In my massage business, I was used to being hands on with my clients for a whole hour (or more) and I scheduled myself 30 minutes in between to answer their questions, square away payment, print out information they might need, and write my notes. This was all of a sudden a luxury. In order to maintain my sanity, I realized I had to change the way I practiced in order to work within this model. I had to cut out some of my hands-on time, and start making different decisions about what I did with my patients. It was only then that it occurred to me that the doctors I had come across in my time weren’t not listening because they didn’t care, they were just caught in a system that didn’t afford them enough time. I mean, I was being given 45 minutes to listen to these people. The physicians were being given 15 minutes. We are all just doing the best we can with what we are given in an insurance driven system.
Feeling forced to fit this mold was difficult for me but it taught me a valuable lesson. I value manual therapy so much because I have seen how it can change pain symptoms and gait patterns for so long. How could I possibly just let that go by the wayside!? And then I considered how often as a massage therapist I hear, “But I can’t do this to myself!” or “I can’t take you home with me! What will I do when you are gone?” While that feels good to my ego, providing someone with only manual therapy, now feels like breeding dependance, and the ultimate goal for me is truly to teach people how to help themselves. Manual “hands-on” therapies and exercises that require hands-on attention to complete correctly are still very important to me. But an integral part of the motor learning process is repetition. Independent performance of an activity allows the person to truly integrate that motor learning and instill confidence that they can safely and effectively help themselves. And that’s what it’s really all about.
We all need both. Sometimes, especially in the beginning, we need someone to physically help us, but when the acuity has passed, we need to be given the tools to take matters into our own hands. Verbal instruction alone almost never translates into proper performance of an activity. I have seen the exact same instructions translated 100 different ways from how I meant it, which has been an invaluable learning lesson for me.
As I have gone from a Bodyworker to a Physical Therapist, honing my verbal cueing skills has been an important part of the process. Enrolling in an Anusara Teacher training at Garden of the Heart Yoga Center here in Sarasota proved to be just the thing I needed to blend the two together. I have personally benefitted a lot from the practice of yoga over the years. The verbal cues for proper alignment that Anusara teachers use have been so helpful for me in learning how to protect my joints. The calming effect that the yoga classes have had on my nervous system (in times of high anxiety and otherwise) have been profound. The spiritual philosophy woven into the classes brings me a sense of unity and connectedness that leaves me feeling whole on my own and yet knowing that I am a part of something bigger. I want that wholistic sense of well being for my patients, and for everyone that is seeking it.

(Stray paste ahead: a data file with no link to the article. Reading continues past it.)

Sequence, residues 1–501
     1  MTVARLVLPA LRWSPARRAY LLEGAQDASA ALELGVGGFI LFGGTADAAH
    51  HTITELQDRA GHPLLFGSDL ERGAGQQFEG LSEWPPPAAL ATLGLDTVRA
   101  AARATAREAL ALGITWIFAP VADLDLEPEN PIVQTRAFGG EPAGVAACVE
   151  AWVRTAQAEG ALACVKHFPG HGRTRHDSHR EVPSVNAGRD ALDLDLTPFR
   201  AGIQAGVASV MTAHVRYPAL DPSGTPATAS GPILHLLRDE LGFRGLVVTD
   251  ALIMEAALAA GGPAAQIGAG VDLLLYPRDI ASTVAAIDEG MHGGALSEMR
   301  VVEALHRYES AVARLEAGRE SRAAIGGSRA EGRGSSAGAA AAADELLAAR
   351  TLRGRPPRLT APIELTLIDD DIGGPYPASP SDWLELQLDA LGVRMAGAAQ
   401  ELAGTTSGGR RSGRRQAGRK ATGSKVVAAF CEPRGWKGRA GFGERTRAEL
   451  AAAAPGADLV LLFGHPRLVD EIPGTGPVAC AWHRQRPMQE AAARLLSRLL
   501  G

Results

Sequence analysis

Combining bodywork, corrective exercise, and yoga feels like Physical Therapy with heart.
I believe that combination to be the path to a true sense of wellbeing. I want to be that person in your healthcare team that you feel is really listening and has your wholistic wellness- mind, body and spirit- at heart. I envision this blog as a place you can come to gain knowledge about this machine you live in called your body, and learn tools you can use to improve the quality of your life. I want to make it easy for you to gather information and get answers to your questions from someone you trust. My intention is to address some of the common issues I see as a physical therapist and as a massage therapist. I will do my best to explain things clearly and articulately, and to provide you with visual and written instructions, videos, and research articles so you can make informed decisions about your health.
Whitewave Bodywork now has a boutique style space within Wellpower MD, a concierge medical practice led by Dr. Andrea Kreithen. She specializes in Functional Medicine and Alisha and I get the opportunity to work closely with her in the development of treatment plans for the patient’s we share. This collaborative relationship is something we have long dreamed of having. It finally feels like we are right where we are supposed to be, doing exactly what we have been called to do.
Jennifer Clarkson DPT, L/CNMT
*Below you will find affiliate links. These are books I’ve read that have impacted my life in a positive way.